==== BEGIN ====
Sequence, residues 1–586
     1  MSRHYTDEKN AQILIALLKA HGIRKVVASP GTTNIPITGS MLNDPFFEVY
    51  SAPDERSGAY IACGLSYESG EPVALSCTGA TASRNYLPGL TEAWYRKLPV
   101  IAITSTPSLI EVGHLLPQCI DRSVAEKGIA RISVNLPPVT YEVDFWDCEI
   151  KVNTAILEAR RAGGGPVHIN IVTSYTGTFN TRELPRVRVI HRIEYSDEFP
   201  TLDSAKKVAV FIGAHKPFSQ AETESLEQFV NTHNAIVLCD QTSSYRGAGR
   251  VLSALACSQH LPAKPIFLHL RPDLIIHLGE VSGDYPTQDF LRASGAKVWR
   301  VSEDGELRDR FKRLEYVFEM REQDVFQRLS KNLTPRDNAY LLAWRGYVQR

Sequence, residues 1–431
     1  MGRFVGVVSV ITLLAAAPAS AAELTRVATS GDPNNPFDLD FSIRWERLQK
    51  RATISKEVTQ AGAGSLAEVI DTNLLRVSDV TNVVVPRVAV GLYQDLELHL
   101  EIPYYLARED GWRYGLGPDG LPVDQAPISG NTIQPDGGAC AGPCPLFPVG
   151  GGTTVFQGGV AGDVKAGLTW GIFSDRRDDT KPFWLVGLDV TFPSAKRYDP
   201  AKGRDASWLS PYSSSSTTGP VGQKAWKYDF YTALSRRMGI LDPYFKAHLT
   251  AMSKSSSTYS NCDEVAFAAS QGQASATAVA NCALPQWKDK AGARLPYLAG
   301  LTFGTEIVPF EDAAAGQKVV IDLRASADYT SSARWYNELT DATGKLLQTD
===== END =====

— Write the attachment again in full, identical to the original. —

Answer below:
Sequence, residues 1–586
     1  MSRHYTDEKN AQILIALLKA HGIRKVVASP GTTNIPITGS MLNDPFFEVY
    51  SAPDERSGAY IACGLSYESG EPVALSCTGA TASRNYLPGL TEAWYRKLPV
   101  IAITSTPSLI EVGHLLPQCI DRSVAEKGIA RISVNLPPVT YEVDFWDCEI
   151  KVNTAILEAR RAGGGPVHIN IVTSYTGTFN TRELPRVRVI HRIEYSDEFP
   201  TLDSAKKVAV FIGAHKPFSQ AETESLEQFV NTHNAIVLCD QTSSYRGAGR
   251  VLSALACSQH LPAKPIFLHL RPDLIIHLGE VSGDYPTQDF LRASGAKVWR
   301  VSEDGELRDR FKRLEYVFEM REQDVFQRLS KNLTPRDNAY LLAWRGYVQR

Sequence, residues 1–431
     1  MGRFVGVVSV ITLLAAAPAS AAELTRVATS GDPNNPFDLD FSIRWERLQK
    51  RATISKEVTQ AGAGSLAEVI DTNLLRVSDV TNVVVPRVAV GLYQDLELHL
   101  EIPYYLARED GWRYGLGPDG LPVDQAPISG NTIQPDGGAC AGPCPLFPVG
   151  GGTTVFQGGV AGDVKAGLTW GIFSDRRDDT KPFWLVGLDV TFPSAKRYDP
   201  AKGRDASWLS PYSSSSTTGP VGQKAWKYDF YTALSRRMGI LDPYFKAHLT
   251  AMSKSSSTYS NCDEVAFAAS QGQASATAVA NCALPQWKDK AGARLPYLAG
   301  LTFGTEIVPF EDAAAGQKVV IDLRASADYT SSARWYNELT DATGKLLQTD